In this post I’d like to focus on Richard’s initial argument for why God must be a Trinity of persons. Thus far in his argument he has argued for two divine persons, and now adds a further line of argument to show that God is in fact a Trinity and not a Binity of persons. Why must God be a Trinity of persons? Richard argues from his notion of perfect love.
“Greatest love cannot lack in anything.”
Perfect love requires the following.
(i) A person “wishes another to be loved as oneself.”
(ii) A person “wishes that another person be loved equally by the one whom s/he loves supremely and by whom s/he is supremely loved.”
Translation: For person a, person b, and person c, a has perfect love only if
(1.) a equally loves b, and vice versa.
(2.) a equally loves c, and vice versa.
(3.) a desires that b equally loves c, and that c equally loves b.
(1)-(3) will be jointly sufficient for a‘s perfect love if it turns out that there is a b and a c, and that all the lovin’ obtains between a, b and c as described in (1.)-(3.), especially that b equally loves c, and vice versa.
Recall that ‘equal love’ requires that the persons who ‘equally love’ have the same substance-kind. We might say the intensity (my word) of love is measured by the kind of substance that is the object of love. If I love a human, there’s a certain intensity of my love for a human; but if I love God, then my love is maxed-out because God is the most lovable being. Also, recall that Richard argued in Book 1 of On the Trinity that there can be only one divine substance. Thus, for a to love an equal, b and c, b and c must satisfy the following necessary and sufficient condition:
For divine person a, who has the one divine substance essentially, persons b and c are equal to a if and only if b and c each has the one divine substance essentially.
Notice that a divine person can love a creature ‘perfectly’, but that this love is not ‘love of an equal’ because no creature (besides Jesus) is constituted by the divine substance. So, God can “so love the world that …”, but we might say the quality of this love is fixed by the object of the love. Since divine persons are divine, love for such a person is as intense a love as possible; but love for creatures is less intense simply by reason of the kind of being that a creature is.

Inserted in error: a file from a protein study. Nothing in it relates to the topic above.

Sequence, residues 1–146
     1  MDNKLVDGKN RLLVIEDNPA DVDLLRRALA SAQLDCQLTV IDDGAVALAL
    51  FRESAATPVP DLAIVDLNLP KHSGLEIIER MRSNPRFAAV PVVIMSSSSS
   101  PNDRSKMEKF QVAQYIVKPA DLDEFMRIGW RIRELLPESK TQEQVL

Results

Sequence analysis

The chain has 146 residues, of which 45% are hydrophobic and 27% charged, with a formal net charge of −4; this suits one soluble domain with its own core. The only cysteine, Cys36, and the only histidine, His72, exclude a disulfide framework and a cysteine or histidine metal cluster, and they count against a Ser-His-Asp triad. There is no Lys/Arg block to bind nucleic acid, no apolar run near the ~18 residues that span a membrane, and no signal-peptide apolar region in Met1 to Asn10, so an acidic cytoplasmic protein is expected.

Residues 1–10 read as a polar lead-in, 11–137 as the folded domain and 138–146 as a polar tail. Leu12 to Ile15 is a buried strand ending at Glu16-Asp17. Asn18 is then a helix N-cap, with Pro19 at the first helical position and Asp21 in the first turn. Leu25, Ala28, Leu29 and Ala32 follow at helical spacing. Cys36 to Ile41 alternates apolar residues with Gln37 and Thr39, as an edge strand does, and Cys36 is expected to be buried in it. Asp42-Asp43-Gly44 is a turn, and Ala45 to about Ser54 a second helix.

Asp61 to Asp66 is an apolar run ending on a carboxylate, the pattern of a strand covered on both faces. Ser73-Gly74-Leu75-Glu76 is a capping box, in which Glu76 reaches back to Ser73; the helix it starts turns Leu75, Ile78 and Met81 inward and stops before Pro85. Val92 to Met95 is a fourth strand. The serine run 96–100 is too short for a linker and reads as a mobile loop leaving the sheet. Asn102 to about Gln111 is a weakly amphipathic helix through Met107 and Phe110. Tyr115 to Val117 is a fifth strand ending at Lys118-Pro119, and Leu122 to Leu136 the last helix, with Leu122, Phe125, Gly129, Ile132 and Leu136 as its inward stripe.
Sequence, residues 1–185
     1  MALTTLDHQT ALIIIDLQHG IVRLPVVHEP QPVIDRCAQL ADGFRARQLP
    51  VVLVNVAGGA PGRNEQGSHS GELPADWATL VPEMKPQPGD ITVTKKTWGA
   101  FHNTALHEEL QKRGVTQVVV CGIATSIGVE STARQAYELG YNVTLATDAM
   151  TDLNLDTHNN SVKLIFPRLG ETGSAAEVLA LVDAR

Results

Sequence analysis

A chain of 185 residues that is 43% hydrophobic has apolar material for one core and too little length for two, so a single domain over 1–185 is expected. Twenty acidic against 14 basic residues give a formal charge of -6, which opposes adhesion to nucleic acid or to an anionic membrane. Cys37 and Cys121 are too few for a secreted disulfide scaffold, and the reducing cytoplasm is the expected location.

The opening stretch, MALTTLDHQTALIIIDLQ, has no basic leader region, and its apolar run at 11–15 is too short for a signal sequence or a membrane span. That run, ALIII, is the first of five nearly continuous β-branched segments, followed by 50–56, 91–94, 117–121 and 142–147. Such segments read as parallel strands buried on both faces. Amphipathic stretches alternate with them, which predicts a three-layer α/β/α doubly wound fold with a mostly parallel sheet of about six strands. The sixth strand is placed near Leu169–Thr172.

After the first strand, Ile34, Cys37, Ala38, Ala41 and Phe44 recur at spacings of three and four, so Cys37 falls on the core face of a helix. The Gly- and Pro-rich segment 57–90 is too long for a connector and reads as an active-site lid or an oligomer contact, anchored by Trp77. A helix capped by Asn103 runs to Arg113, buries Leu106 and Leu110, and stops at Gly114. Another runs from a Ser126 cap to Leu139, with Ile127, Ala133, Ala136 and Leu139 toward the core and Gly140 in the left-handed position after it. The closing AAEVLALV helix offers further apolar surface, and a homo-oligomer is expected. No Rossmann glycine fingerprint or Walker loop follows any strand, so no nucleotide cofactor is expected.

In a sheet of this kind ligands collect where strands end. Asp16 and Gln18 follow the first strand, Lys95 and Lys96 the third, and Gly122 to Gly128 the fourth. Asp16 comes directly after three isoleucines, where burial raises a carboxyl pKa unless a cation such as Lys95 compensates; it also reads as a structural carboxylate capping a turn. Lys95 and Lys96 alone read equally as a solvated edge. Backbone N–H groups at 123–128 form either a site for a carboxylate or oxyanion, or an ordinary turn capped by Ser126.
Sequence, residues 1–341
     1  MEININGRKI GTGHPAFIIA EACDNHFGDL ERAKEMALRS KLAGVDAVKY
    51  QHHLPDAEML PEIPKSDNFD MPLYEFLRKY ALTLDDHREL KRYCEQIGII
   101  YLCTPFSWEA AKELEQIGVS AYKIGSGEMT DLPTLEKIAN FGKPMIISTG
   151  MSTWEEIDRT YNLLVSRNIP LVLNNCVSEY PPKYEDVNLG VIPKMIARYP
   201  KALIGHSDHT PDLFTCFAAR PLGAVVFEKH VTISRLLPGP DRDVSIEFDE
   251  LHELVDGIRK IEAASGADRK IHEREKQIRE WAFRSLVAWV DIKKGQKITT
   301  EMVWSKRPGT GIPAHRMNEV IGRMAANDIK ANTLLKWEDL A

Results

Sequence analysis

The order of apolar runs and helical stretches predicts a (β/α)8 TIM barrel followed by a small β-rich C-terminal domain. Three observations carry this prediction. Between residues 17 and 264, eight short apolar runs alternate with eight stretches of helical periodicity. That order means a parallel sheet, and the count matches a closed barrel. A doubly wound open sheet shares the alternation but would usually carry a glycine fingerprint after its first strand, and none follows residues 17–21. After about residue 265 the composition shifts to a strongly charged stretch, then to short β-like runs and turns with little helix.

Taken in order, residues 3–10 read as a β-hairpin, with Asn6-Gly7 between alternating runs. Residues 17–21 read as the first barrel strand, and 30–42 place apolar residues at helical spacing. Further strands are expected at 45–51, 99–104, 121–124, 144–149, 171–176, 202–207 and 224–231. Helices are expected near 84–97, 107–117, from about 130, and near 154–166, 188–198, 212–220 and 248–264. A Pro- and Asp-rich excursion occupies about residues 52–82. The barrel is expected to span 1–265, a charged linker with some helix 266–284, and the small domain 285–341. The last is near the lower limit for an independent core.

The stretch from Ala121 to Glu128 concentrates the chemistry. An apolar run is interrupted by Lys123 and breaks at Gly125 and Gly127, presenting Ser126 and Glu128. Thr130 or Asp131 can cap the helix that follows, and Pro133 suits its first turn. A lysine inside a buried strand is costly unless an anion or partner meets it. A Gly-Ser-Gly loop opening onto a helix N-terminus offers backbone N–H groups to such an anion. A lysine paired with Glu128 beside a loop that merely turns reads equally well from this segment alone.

The argument from perfect love for a Trinity of persons continues.
(4.) If a has perfect love, then there must be a third person c, otherwise a fails to have perfect love.
(5.) If a fails to have perfect love, then either a is unwilling to have perfect love or is unable to have perfect love.
(5.i) If a is unwilling to have perfect love, then perfect love must be elsewhere. But who else besides a divine person could have perfect love essentially? Nobody. But a person who has the divine substance essentially satisfies the description of ‘the best of all possible beings’ (substances). Therefore, a person, who has the divine substance essentially, has perfect love.
(5.ii) If a, who has the divine substance essentially, is unable to have perfect love, then a does not satisfy the description of the best of all possible beings (substances). But a, who has the divine substance essentially, satisfies the description ‘the best of all possible beings’. But a person who satisfies the description ‘the best of all possible beings’ has perfect love. Therefore, a has perfect love.
(6.) Therefore, there are (at least) three divine persons.
In the next post I survey another argument that Richard employs, namely an argument from perfect happiness.